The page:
Shot #39
Color, beneath the Sign of the Web. Strangely, the color image—rather than the black-and-white—assumes the aura of the past, of history. It is like those World War II-era Kodacrhomes: the more color saturated, the more epically ancient.
Shot #40
By now, you understand that it’s too late for you. The ruthless individual making his silent, invisible way through the “Carmen” video will turn his attention to you, eventually. In this frame, he has instructed Lana Del Rey to look away.
Shot #41
See shot #12.
Shot #42
She is somewhere in the city. The dangerous person is there too, nearby. You can feel his presence in this image. He is in the building at the center of the frame, looking out across the distance at a person taking black and white footage of the skyline.
Shot #43
The structure is unfocused, unsteady: “Before an observation is made, an object exists in all possible states simultaneously. To determine which state the object is in, we have to make an observation, which ‘collapses’ the wave function, and the object goes into a definite state. The act of observation destroys the wave function, and the object now assumes a definite reality.” Michio Kaku, from Parallel Worlds.
Shot #44
Elizabeth Woolridge Grant was born in New York City in 1986, approximately one month after Hands Across America.
Shot #45
“Are there ever humans who are not, as it were, always already gendered? The mark of gender appears to ‘qualify’ bodies as human bodies.” Judith Butler, from Gender Trouble.
Shot #46
Does your heart break when guys say that? This is a statement disguised as a question. The dark presence from shots #17 and #27 is reasserted here, stronger than ever. You can feel it in the degraded, over-pixilated image, and in the broken waves of light that emanate from the white source in the frame’s upper right quadrant. The warped confusion of the frame captures a moment so evil that no technology could ever bring it into proper focus.
Shot  #47
The chemicals, the diseases, the parasites that change us.
“Once he’d seen a dog having a rabies attack. Springing about like a mechanical toy / and falling over on its back / in jerky ways as if worked by wires. When the owner stepped up and put a gun / to the dog’s temple Geryon walked away.” Anne Carson, from Autobiography of Red.
Shot #48
The home movie, in warm colors, coming immediately after the shot of meth chemicals. Images, today, are learning how to think.
Shot #50
“I could write it all in the second person: you, Reader . . . I could also introduce a young lady, the Other Reader, and a counterfeiter-translator, and an old writer who keeps a diary like this diary . . .” Italo Calvino, If on a winter’s night a traveler.
Shot #51
“When most black people in the United States first had the opportunity to look at film and television, they did so fully aware that mass media was a system of knowledge and power reproducing and maintaining white supremacy. To stare at the television, or mainstream movies, to engage its images, was to engage its negation of black representation.” bell hooks, from The Oppositional Gaze.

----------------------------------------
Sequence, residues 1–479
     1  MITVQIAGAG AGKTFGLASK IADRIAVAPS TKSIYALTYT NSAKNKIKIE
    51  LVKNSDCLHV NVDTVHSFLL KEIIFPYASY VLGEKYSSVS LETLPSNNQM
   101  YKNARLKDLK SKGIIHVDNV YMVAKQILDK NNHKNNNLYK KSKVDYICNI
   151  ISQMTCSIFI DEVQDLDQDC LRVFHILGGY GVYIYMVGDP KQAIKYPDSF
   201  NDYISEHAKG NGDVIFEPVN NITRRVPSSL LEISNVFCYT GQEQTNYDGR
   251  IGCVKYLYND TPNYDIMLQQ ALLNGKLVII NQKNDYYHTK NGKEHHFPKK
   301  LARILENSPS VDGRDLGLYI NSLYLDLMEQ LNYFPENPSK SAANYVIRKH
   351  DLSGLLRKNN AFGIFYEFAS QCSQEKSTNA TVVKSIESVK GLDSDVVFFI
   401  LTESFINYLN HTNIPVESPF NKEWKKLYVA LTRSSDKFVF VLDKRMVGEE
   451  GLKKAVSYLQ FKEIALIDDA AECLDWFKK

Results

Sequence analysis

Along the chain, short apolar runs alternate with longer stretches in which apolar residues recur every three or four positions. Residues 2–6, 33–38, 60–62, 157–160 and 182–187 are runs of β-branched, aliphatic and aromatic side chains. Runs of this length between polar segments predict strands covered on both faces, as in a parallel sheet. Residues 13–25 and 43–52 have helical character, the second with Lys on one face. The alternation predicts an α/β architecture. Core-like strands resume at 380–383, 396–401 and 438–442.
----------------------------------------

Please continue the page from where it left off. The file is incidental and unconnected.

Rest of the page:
The Turin Horse is about the heaviness of human existence. How it’s difficult to live your daily life, and the monotony of life.
Béla Tarr, on his film The Turin Horse
The video mutated. Through copying, it evolved until a new strain emerged. It’s still lurking out there somewhere. And it’s taken a completely different form.
–Koji Suzuki, from Spiral
He stared at the black rain she had inked on his hand and told himself it was there to soften his resolve to fight. She was clever. She knew what rain does. It softens hard things.
–Deborah Levy, from Swimming Home
Shot #52
The frame is blood-soaked by the invisible hand of the one who watches over the video. Detached from the flow of images that make up “Carmen,” the video frame serves as an omen revealing—for an instant—that this is not just another music video, but rather a horror film.
Shot #53
“As in science, the process of creative art is two-fold: the experience of reality by the artist on one side, and his manipulation of that experience into an art reality on the other. In his person he is an instrument of discovery; in his art he exercises the art-instrument of invention.” –Maya Deren, from An Anagram of Ideas on Art, Form and Film, 1946.
Shot #54
The elderly woman approaches the end of the diving board, trailing a patch of white light behind her. We are in the open sun, now. The illusion of safety.
Shot #55
“The day is close when the 8mm home movie footage will be collected and appreciated as beautiful folk art, like songs and lyric poetry, that was created by the people.” –Jonas Mekas, from “8mm as Folk Art” in The Village Voice, 1963.
Shot #56
In the darkness the edges of the frame move in brief illuminations. In the fast contexts of the video, this shot makes no sense other than to bind color to black and white.